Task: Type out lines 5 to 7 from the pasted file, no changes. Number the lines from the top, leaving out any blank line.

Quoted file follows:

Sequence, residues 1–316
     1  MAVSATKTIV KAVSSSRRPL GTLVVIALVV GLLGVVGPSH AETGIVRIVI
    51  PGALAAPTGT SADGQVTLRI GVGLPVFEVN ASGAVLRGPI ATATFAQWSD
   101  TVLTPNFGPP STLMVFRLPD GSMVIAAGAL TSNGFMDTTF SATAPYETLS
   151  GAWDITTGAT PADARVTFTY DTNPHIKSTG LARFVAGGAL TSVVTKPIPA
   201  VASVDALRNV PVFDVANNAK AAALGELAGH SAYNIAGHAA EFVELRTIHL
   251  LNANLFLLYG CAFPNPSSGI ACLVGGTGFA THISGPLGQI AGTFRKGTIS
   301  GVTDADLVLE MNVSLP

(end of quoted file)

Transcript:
   151  GAWDITTGAT PADARVTFTY DTNPHIKSTG LARFVAGGAL TSVVTKPIPA
   201  VASVDALRNV PVFDVANNAK AAALGELAGH SAYNIAGHAA EFVELRTIHL
   251  LNANLFLLYG CAFPNPSSGI ACLVGGTGFA THISGPLGQI AGTFRKGTIS